Stocks discussed on the in-depth session of Jim Cramer's Mad Money TV Program, Wednesday April 9.
The IPO Window Is Closing: La Quinta (NYSE:LQ)
"Thank Heavens, I think the IPO window is closing," said Cramer. This is indicated by the weak IPO for hotel company, La Quinta (LQ), which opened at $16 and change, lower than expected. The enormous pipeline of deals has overwhelmed the market, and it wasn't the fundamentals of this IPO that accounted for its lackluster opening. The stock managed to rise by the end of the day, and with 7% increase in revenue per room, it might be a decent buy. The market is seeing the most IPOs since 2007, and the recent IPOs, aside from a few, are the bottom of the barrel. Many of the IPOs that have had a pop have declined aggressively since. However, the end of the trend seems to be near, and this will be better for established stocks.
Stopping the Selloff In Its Tracks: Facebook (NASDAQ:FB), Yahoo (NASDAQ:YHOO), Netflix (NASDAQ:NFLX), Alcoa (NYSE:AA). Other stocks mentioned: Opower (NYSE:OPWR), First Solar (NASDAQ:FSLR), BP (NYSE:BP)
Cramer referred to "stock sage," Leo Tolstoy, concerning bullish and bearish markets, "All happy markets are alike. Each unhappy market is unhappy in its own way." With the Dow rising, the selloff "was stopped in its tracks," with research from "grizzled veteran" Stifel analyst, Jordan Rohan, who recommended buying Facebook (FB), with bullish comments about Yahoo (YHOO) and Netflix (NFLX). Cramer said Rohan called the bottom in growth stocks, as this group reversed, along with industrials following a bullish earnings report from Alcoa (AA). Once investors realized that much of the recent decline was caused by massive hedge fund selling, the buyers poured back in. Stocks were assisted on their march higher by Fed minutes, indicating that interest rates won't be raised dramatically in the short term.
Cramer took some calls:
BP (BP) is a buy. Management has done remarkable things with the dividend. It might be a controversial stock, but it is likely to go higher.
Spirit Airlines (SAVE) is a $4.2 billion company, trading at $57, and it is benefiting from consolidation in the airlines. Cramer refused to recommend an airline stock until the recent consolidation that has limited ruinous competition. Because of the mergers, ticket prices have gone higher, and Spirit appeals to the traveler who wants to limit travel costs. Spirit is an unusual airline, and is not like the major players. It is a small-fast growing airline that is an ultra low cost carrier while still turning a hefty profit.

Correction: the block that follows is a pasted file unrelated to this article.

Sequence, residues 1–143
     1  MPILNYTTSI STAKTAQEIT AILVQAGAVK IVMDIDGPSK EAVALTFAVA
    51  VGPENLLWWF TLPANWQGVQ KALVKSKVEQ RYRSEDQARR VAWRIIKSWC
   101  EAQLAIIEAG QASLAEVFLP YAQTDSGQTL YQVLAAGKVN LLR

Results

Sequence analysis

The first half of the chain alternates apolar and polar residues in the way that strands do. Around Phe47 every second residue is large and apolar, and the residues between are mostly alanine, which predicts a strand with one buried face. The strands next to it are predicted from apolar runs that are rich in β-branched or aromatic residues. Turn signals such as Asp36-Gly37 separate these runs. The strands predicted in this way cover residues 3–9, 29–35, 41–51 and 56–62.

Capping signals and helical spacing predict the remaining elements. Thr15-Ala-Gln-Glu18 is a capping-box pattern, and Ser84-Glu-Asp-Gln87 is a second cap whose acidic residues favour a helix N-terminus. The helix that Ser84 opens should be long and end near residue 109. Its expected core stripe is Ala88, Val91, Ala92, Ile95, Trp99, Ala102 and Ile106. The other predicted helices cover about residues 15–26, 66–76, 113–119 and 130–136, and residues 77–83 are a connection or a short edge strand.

It is growing its fleet aggressively, and expects to take significant market share. SAVE is a frugality play, with the average domestic ticket price at $102. SAVE has been profitable consistently, even with the economic downturn and periods of high oil prices. SAVE uses its planes more efficiently than other airlines, gets more flying time per day and offers more seats than the competition.
The company eliminates expensive "extras" for value-conscious consumers. "It is the best, most disciplined operator in the industry." SAVE beat earnings estimates and has risen 32% since November and 149% since Cramer got behind it 13 months ago. It trades at a cheap multiple of 16 with a 25% growth rate. SAVE is Cramer's top pick in the $50-$100 range, and while it is cheap, Cramer would wait for a pullback to buy.
Cramer took some calls:
American Airlines (AAL): Airlines are still a hated industry, and as long as that is true, they are still worth buying.
Advance Auto Parts (AAP): The average auto is 11.5 years old and needs maintenance. These stocks should go higher.
CEO Interview: Jim Morgan, Krispy Kreme (KKD)
Krispy Kreme (KKD) was beating numbers and was a Wall Street darling, until it reported a disappointing quarter in December and sold off 20% in one day on lackluster guidance. Some said KKD was priced to perfection going in to the quarter, but a month ago, KKD disappointed again, declining sequentially for the first time in 3 years, and management did not comment clearly on why same store sales declined. KKD is a strong brand and is expanding overseas. The stock gained 54% since Cramer recommended it for speculation last year.
CEO Jim Morgan admitted that the explanation of the same store sales issue on the call was more complicated than it should have been and added, "I've never felt better about the company." Morgan said that he is feeling better long term about the beverage side of the business, which was a concern in the past. The company has been affected by inclement weather and has challenging comparisons, but Morgan still feels KKD will have positive comps for the year. Overseas, the brand is "carrying itself magnificently... and we are picking up the pace domestically, too." Cramer said, "this sounds like an opportunity. I would stay with Krispy Kreme."
CEO Interview: Gary Evans, Magnum Hunter (MHR)
The hottest turnaround play in the natural gas and oil industry is Magnum Hunter (MHR). The company weathered its balance sheet, execution and accounting issues and has put its house in order. Management reported a 92% increase in production last year and it is forecasting a 146% increase for 2014. The stock has risen 28% since Cramer spoke to CEO Gary Evans in November. Cramer thinks Magnum Hunter is "the fastest growing small to medium independent oil company." Evans discussed the company's high quality acreage and improvement in infrastructure. Magnum Hunter is a first mover in many regions, said Evans, and the company is increasing the pipeline. The company is selling non-core assets to get "honed in on the primary acreage" to prepare for "phenomenal growth." "Magnum Hunter pulled it off," said Cramer, "and it is not done."
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